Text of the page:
From: Doug Sandland — Mar 30, 2010

Here is but one more example of your mission, Robert, and the use of the net to carry it out. Some time ago you ran an example of my family historical graphite drawings and the back story that went with it. One of the comments about that came back from Mr.Edwards. He & I have been communicating, sharing samples & experiences since that time. That pleasure,(At least on my part) would not have happened without the “monumental waste of time” of the internet. And here we are again, with an (un-intended) reminder from Robert Genn on the net that I havn’t written my ‘new long distance friend’ Dave for too long a time. Thanks for your letters, Robert and thanks Dave for your clever & timely little reminder of Easter.

  Sorolla Museum in Madrid by Susan Viccars, Vancouver, BC, Canada   This morning’s letter brought back a memory of visiting the Sorolla Museum in Madrid about three years ago. It is a small museum, off in a quieter area of the city, housed in what was once the Sorolla family home. Sorolla’s lush and yet understated, mainly figurative, paintings are the feature but the pleasant house with its furnishings and charming garden all give substance to the artist too. If you’re ever in Madrid and you haven’t visited the museum, make it a side trip on a pleasant morning or afternoon ramble.     [fbcomments url=””]    woa  

Haliburton Marsh

acrylic painting by Henry Pryke

  You may be interested to know that artists from every state in the USA, every province in Canada, and at least 115 countries worldwide have visited these pages since January 1, 2013. That includes Shane Rogers of Victoria, BC, Canada, who wrote, “I always read your letter and feel I have somehow reconnected to the deeper meaning of life, peering a little closer at where I am or what I’m doing at that moment.” And also Ling Yeung, who wrote, “While the Internet is messy and dirty at times, be thankful that it is largely uncensored in the west, and people can say what they wish — stupid thing, even wrong thing.”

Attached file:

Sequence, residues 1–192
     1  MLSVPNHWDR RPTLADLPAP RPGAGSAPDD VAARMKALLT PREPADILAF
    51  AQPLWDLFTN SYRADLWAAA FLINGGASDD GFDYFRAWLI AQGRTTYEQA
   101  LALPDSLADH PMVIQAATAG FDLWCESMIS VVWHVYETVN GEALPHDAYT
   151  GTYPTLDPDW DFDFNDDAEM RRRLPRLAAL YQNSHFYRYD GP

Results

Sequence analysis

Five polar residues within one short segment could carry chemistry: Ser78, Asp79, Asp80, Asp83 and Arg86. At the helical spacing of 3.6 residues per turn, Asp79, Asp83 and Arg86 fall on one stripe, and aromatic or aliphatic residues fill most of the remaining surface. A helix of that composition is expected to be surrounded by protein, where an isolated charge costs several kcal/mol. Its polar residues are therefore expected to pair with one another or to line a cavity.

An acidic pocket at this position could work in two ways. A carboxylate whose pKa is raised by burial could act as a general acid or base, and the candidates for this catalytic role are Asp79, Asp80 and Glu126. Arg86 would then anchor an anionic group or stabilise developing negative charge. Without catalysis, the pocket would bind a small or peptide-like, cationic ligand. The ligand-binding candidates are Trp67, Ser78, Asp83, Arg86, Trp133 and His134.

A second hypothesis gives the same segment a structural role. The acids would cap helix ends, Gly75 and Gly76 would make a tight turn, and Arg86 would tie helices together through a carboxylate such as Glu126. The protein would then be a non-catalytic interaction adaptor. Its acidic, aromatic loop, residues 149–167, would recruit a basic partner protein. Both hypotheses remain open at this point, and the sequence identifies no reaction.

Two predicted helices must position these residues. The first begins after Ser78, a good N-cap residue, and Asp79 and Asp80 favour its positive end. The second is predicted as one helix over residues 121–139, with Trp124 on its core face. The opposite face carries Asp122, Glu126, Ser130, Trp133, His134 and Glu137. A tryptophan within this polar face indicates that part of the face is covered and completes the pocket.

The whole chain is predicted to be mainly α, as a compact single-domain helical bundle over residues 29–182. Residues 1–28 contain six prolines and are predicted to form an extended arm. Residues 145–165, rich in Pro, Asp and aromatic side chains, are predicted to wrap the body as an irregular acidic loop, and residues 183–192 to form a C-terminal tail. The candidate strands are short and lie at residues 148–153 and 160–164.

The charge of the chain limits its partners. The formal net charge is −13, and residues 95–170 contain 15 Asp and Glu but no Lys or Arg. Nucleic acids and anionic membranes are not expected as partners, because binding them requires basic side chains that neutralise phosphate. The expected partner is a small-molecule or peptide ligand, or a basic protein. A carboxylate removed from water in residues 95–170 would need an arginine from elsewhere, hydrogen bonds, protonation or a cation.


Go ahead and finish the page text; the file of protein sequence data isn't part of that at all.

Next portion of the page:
Archived Comments

Enjoy the past comments below for Curiouser and curiouser

From: Carol Kairis — Mar 25, 2010

True Robert~ The curious can take them anywhere ther mind wants to take them, value is in value. Never a secret..time itself validates worthiness. Always standing firm, beyound expectation…for expectation. Do really the “common people” rely upon those who seemingly excell? No…truely it stands beyound ourselves to trueness. Which is the value passed on.

From: Richard Smith — Mar 25, 2010

I’m a self-confessed information junkie. My wife cannot comprehend why anyone would get pleasure out of sitting around reading the encyclopedia. And yeah, the internet is even worse. So to follow Bob’s image a bit further, when I first hooked up to the net, I would follow information links, like Alice following her rabbit down the hole whichever way they went. Seriously, I couldn’t stop myself, there’s just an incredible pile of neat stuff out there. Nowadays I’ve managed to get some control of myself, but lord help me if I get going on looking at the work of other artists, I’m a gonner. And while I accept responsibility for my own actions, you’ve got to know that this site can suck me right in. Hey! Couldn’t this be that procrastination thing Robert was writing about? If I don’t post this message soon I’ll have wasted another evening.